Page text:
May 30th, 2024

Crews focusing on potholes along city streets

By Delon Shurtz - Lethbridge Herald on May 7, 2024.


When it comes to potholes, Lethbridge motorists have little patience and they want them repaired yesterday, especially if the potholes are on their streets.
But with more than 900 calls to repair potholes expected this year, don’t expect City crews to fill the hole in front of your house any time soon.
“We try to focus first on the real busy roads, then over the course of the summer move on to residential roads and some back roads,” says Juliane Ruck, manager of transportation operations.
The City has already received more than 350 calls for pothole service, which is comparable to the same time last year. But the number depends largely on the weather and the impact of freezing water.
“We didn’t have much snow in November and December and then we had snow in January, February and March, but the chinook weather, the melting in between, makes things challenging,” Ruck says.
Residents can notify the city of any potholes they see, but it could take some time to respond given the number of potholes that crop up every spring. And if 900 service calls sounds like a lot, that number does not mean 900 potholes. Ruck says each call could result in five to 10 potholes, so crews could repair up to 10,000 potholes in a given year.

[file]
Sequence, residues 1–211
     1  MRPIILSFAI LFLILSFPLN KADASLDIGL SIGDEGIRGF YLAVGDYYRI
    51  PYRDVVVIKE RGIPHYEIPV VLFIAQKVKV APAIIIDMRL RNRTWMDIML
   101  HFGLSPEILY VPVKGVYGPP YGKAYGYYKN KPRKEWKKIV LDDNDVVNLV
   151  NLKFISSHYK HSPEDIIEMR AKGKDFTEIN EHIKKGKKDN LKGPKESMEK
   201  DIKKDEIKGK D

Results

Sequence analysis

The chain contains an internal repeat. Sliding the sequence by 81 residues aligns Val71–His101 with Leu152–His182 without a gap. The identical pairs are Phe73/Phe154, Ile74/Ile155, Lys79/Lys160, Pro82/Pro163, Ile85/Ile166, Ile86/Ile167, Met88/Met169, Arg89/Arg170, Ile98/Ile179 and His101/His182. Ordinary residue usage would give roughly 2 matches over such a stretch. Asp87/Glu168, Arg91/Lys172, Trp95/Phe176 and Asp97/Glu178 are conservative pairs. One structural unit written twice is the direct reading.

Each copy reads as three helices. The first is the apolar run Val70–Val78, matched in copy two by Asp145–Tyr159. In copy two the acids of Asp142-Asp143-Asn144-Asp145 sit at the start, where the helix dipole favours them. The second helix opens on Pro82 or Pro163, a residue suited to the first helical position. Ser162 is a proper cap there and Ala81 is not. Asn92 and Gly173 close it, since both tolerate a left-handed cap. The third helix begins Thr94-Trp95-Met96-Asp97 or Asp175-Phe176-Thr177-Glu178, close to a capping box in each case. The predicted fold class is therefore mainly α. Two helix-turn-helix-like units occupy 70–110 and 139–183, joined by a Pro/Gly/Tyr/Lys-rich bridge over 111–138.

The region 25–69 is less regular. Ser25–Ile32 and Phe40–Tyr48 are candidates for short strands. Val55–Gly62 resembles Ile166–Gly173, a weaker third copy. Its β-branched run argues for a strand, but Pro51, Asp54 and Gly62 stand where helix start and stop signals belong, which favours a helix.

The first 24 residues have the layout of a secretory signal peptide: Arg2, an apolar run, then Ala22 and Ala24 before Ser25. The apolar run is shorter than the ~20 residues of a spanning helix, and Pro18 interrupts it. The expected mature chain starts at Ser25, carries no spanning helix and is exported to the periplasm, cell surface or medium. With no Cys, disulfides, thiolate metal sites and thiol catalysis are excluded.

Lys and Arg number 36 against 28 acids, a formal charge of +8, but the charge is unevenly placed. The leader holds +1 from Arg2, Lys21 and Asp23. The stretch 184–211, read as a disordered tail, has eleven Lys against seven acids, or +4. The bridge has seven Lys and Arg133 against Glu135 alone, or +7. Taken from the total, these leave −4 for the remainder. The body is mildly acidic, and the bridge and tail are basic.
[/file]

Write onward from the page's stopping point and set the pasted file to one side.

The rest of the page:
“We try to prioritize and address the busiest roads first, like arterials and collectors,” Ruck says, noting back alleys are most often at the bottom of the priority list.
The Spring is the busiest time of the year, and crews are filling holes day and night. An additional crew will be employed later in the year to focus on residential roads and alleys, and there are sinkholes and frost boils that also need to be repaired.
Once crews start filling a street full of potholes, work moves along relatively quickly, but it’s still quite an involved process, and costly; about $150,000 a year.
An entire street of potholes requires more than a single worker with a shovel and wheelbarrow full of hot asphalt.
Preparation starts by ensuring hot asphalt is available. The city uses recycled asphalt or asphalt from a local plant. In cold weather it must be transported in a hot box.
The site must be assessed for job-specific hazards, including overhead power lines, pedestrians, traffic and weather, and roads must often be closed to traffic to mitigate hazards.
Once on site, crews unload the patching roller and other tools such as rakes, shovels, tack oil brushes, a pick axe, cones, brooms, a hand or plate tamper if needed, and a torch. The area around the pothole has to be cleaned, and old, cracked pieces of asphalt have to be removed.
The hole and edges are then coated with tack oil. Tack oil acts like a glue to connect old and new asphalt. During cold weather tack oil must be activated with a torch.
A truck full of asphalt stops just ahead of a pothole, raises its box and slowly releases the required amount of asphalt out of a small opening while a couple of workers shovel and rake it into place. Once it’s level it’s compacted with a small ride-on asphalt roller.
Now repeat on other streets 899 more times.
Anyone who wants to report a pothole can dial the city’s 311 number for inquiries and service requests. Just remember, patience is a virtue.

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